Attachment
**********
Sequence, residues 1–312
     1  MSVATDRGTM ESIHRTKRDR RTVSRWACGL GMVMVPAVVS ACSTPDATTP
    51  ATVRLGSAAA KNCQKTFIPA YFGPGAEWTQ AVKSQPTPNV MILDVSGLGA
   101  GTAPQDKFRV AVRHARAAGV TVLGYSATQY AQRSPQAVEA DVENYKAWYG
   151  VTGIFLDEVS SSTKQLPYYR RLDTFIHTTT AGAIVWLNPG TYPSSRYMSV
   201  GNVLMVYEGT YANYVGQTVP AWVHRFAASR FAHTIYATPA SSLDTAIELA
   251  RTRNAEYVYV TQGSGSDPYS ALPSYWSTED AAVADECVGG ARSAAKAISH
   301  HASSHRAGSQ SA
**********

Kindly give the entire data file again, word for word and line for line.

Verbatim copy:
Sequence, residues 1–312
     1  MSVATDRGTM ESIHRTKRDR RTVSRWACGL GMVMVPAVVS ACSTPDATTP
    51  ATVRLGSAAA KNCQKTFIPA YFGPGAEWTQ AVKSQPTPNV MILDVSGLGA
   101  GTAPQDKFRV AVRHARAAGV TVLGYSATQY AQRSPQAVEA DVENYKAWYG
   151  VTGIFLDEVS SSTKQLPYYR RLDTFIHTTT AGAIVWLNPG TYPSSRYMSV
   201  GNVLMVYEGT YANYVGQTVP AWVHRFAASR FAHTIYATPA SSLDTAIELA
   251  RTRNAEYVYV TQGSGSDPYS ALPSYWSTED AAVADECVGG ARSAAKAISH
   301  HASSHRAGSQ SA